The nature of betting is pretty simple, with punters selecting an outcome that they think will happen and putting money on it doing so with the bookmaker taking the opposite position that it won’t happen. Yet it doesn’t always have to be a matter of thinking positively, given that a few people might be convinced that something will not happen rather than it will.
An example of this could be betting that a Formula 1 driver will not win a Grand Prix, in spite of everyone in the know suggesting that they’re nailed on to do so.
There are two main ways to bet on something not happening, with the first being the decision to Lay the outcome on a betting exchange. The second choice open to people is to have a look to see if a bookmaker offers the odds themselves, often putting a market such as ‘X Driver To Not Win Grand Prix’. This is really the option that those that don’t really understand how exchange betting works will take, but it’s worth checking the odds of both.
Laying On The Exchange
Exchange betting can seem like a convoluted and complicated world to anyone that hasn’t taken the time to understand it. Talk of Laying and Backing and strange odds all over the site would be enough to put most people off getting involved with it. It has, however, completely changed the way that the betting industry works and, in many instances, has actually changed the direction of travel for traditional bookmakers away from the norms we were used to.
Understanding exchange betting is important for anyone that wants to look for slightly different bets than they’d find with a standard bookie. It’s also not as complex as it might seem at first, with the key thing to do being to get your head around the language that is used on exchange platforms. In essence, Backing something is a bet that it will happen (like most bets with a fixed odds bookie). Laying it is the equivalent of saying that you think anything else will happen. When you lay a bet you are in effect acting as your own micro-bookmaker, providing bets to your peers.
The best and simplest way of explaining the world of exchange betting in clear and concise language is to use horse racing. Imagine two people looking at a race, with Person A thinking that MadeUpHorse will definitely win and Person B being convinced that it definitely won’t, but not being certain about which horse will win. They both place bets on the horse but of differing kinds, with Person A backing MadeUpHorse and Person B Laying it.
The Back bet says, “I think this horse will win.” The Lay Bet says “I think any of the horses in the race apart from MadeUpHorse will win.” If MadeUpHorse wins the race than the Backer wins their bet and the Layer loses theirs. If, however, any of the other horses in the race end up winning it then the Layer wins their bet and the Backer loses theirs. In a nutshell, that’s it. It is, therefore, a way of betting against something without needing to know what you’re betting for.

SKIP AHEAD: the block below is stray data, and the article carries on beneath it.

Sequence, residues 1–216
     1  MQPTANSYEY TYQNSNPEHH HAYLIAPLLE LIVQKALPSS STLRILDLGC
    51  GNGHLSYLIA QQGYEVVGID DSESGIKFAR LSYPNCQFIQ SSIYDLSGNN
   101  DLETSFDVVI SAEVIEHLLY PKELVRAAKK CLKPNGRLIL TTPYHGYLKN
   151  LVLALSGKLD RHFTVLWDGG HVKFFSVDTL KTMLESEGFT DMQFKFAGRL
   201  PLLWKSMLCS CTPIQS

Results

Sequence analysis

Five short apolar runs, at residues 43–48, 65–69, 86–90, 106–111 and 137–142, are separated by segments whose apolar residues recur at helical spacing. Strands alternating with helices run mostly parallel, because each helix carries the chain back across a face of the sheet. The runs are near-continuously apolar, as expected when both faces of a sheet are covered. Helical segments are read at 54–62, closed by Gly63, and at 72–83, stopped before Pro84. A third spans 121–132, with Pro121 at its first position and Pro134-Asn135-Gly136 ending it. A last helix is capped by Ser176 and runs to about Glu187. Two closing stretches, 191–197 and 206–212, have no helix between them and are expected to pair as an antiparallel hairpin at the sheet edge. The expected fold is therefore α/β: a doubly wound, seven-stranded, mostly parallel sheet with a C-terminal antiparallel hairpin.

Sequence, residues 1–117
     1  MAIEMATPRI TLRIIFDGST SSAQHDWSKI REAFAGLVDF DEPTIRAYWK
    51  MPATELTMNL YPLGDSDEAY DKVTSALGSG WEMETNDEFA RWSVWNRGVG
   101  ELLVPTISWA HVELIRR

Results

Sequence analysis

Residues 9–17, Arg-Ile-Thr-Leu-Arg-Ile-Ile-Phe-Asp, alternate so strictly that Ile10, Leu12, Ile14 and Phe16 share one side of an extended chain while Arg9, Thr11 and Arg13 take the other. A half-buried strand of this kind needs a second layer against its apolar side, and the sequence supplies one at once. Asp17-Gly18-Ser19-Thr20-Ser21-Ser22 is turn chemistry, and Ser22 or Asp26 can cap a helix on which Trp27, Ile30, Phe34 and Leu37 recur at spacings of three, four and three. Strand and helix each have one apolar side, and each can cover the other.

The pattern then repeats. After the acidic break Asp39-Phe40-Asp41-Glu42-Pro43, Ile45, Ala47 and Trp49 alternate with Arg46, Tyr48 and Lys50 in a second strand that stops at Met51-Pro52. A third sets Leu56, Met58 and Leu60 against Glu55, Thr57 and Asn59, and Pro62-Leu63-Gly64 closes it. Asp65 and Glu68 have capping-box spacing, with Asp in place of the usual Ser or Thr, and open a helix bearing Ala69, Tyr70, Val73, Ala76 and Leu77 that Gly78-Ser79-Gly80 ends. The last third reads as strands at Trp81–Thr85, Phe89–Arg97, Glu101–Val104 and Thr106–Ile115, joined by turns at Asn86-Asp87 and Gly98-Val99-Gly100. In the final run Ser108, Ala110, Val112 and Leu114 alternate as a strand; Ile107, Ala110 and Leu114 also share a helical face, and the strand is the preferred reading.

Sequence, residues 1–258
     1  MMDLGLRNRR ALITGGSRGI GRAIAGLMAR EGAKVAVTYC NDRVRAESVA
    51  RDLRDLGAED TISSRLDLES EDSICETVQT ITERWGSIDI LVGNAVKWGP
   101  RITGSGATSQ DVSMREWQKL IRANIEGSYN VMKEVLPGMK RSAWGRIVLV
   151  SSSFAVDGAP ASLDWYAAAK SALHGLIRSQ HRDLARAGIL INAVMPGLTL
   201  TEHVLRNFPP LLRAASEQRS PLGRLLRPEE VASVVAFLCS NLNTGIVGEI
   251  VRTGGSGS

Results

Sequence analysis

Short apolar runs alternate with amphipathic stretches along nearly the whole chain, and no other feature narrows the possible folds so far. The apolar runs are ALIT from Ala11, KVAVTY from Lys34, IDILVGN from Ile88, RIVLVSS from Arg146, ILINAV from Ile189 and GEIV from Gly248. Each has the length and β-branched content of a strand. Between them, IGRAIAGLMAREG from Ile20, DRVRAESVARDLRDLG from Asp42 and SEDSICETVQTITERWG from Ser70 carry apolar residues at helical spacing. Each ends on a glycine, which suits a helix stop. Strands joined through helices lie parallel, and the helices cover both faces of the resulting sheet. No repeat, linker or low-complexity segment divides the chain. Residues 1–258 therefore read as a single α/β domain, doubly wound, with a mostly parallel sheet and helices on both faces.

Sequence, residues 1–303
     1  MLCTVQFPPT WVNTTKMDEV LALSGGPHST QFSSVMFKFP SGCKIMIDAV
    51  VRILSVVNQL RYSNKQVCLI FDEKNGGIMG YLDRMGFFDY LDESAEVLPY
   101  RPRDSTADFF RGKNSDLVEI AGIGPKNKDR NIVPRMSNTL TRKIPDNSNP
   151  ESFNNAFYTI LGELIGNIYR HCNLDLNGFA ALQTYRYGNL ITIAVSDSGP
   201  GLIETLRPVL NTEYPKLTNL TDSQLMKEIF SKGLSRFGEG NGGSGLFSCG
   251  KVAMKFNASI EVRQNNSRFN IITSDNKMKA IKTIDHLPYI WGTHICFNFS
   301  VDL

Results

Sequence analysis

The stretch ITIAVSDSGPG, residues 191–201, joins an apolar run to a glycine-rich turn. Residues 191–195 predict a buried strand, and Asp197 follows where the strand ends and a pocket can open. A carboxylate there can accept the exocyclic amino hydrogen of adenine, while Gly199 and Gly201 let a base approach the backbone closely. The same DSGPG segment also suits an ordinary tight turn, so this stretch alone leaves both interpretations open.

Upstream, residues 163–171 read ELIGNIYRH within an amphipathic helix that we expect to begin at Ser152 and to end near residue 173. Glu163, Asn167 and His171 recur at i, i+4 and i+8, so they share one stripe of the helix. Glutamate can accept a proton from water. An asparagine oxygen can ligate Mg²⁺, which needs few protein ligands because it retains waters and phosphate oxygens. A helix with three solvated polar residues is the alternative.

There are lots of other complications when it comes to exchange betting, including things like liquidity and understand the odds, but in essence all you need to know is that a Back bet is backing something to win an event and Lay betting is the suggestion that something will not be successful. You can Back and Lay a wealth of different things on the exchange, so you’re not just limited to betting on horses or motor race drivers, of course.
What About The Bookie?
Despite the above explanation, there will doubtless still be some of you confused enough by the world of exchange betting to decide that it isn’t for you. That is totally fine and the most important thing to remember is not to bet on the exchange if you don’t understand what it is that you’re betting on. Instead, you can turn to your traditional bookmaker and see if they offer any odds on the outcome that you’re looking for.
This is always worth doing regardless of your thoughts about the exchange, given that it’s handy to get an idea of the value being offered by traditional bookies. It’s not entirely unusual for them to offer markets that indirectly give you what you want, such as ‘Race Odds Without X Horse’, for example. There’s also the chance that they might directly offer odds on ‘X Horse Not Winning’, if we continue to use the idea of the horse race as our example.
As with betting on the exchange, there will be a wealth of markets in which something like this is offered, even if it’s not as impressive as the amount of things that you can Lay or Back. You might also find that the bookmakers’ odds aren’t as good as those on the exchange, if for no other reason than you can essentially pick and choose your own odds on the exchange and not take the bet if you don’t want. With the bookie, you’re stuck with what they’re offering.
The other option you have with bookmakers nowadays is the ability to request a bet. Whether by social media, text or email, most bookies will give you the option to get in touch with them and ask them to give you odds on whatever it is that you want to bet on. They don’t have to give you any odds, of course, and the ones they give you won’t be particularly good, but it’s at least another option available to you when exploring what bet to place.
The world of betting is set up to be about events happening, so betting on something not happening can feel a little bit like you’re going against the grain. That’s all a case of mindset, though, when you consider that a bet on something happening is, by its very nature, a bet on something else not happening. The joy of modern betting is that there is nearly always a way to place the bet you want if you’re willing to shop around for it.